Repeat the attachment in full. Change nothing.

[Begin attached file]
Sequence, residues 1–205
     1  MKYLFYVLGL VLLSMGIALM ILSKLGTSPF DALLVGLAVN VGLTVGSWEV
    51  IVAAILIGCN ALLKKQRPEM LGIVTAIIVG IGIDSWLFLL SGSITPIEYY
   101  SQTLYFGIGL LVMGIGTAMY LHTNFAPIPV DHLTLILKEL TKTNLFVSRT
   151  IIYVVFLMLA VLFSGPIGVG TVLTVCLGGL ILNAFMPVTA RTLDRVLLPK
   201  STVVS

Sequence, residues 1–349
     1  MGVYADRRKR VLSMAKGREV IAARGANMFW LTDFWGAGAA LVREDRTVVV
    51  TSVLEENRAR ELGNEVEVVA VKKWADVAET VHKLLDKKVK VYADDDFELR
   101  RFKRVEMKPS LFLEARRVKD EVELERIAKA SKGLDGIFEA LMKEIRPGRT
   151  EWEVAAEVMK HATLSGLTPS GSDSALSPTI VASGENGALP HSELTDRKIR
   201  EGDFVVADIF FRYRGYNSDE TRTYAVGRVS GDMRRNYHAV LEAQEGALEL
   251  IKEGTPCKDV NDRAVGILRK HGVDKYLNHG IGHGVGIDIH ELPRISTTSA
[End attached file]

Sequence, residues 1–205
     1  MKYLFYVLGL VLLSMGIALM ILSKLGTSPF DALLVGLAVN VGLTVGSWEV
    51  IVAAILIGCN ALLKKQRPEM LGIVTAIIVG IGIDSWLFLL SGSITPIEYY
   101  SQTLYFGIGL LVMGIGTAMY LHTNFAPIPV DHLTLILKEL TKTNLFVSRT
   151  IIYVVFLMLA VLFSGPIGVG TVLTVCLGGL ILNAFMPVTA RTLDRVLLPK
   201  STVVS

Sequence, residues 1–349
     1  MGVYADRRKR VLSMAKGREV IAARGANMFW LTDFWGAGAA LVREDRTVVV
    51  TSVLEENRAR ELGNEVEVVA VKKWADVAET VHKLLDKKVK VYADDDFELR
   101  RFKRVEMKPS LFLEARRVKD EVELERIAKA SKGLDGIFEA LMKEIRPGRT
   151  EWEVAAEVMK HATLSGLTPS GSDSALSPTI VASGENGALP HSELTDRKIR
   201  EGDFVVADIF FRYRGYNSDE TRTYAVGRVS GDMRRNYHAV LEAQEGALEL
   251  IKEGTPCKDV NDRAVGILRK HGVDKYLNHG IGHGVGIDIH ELPRISTTSA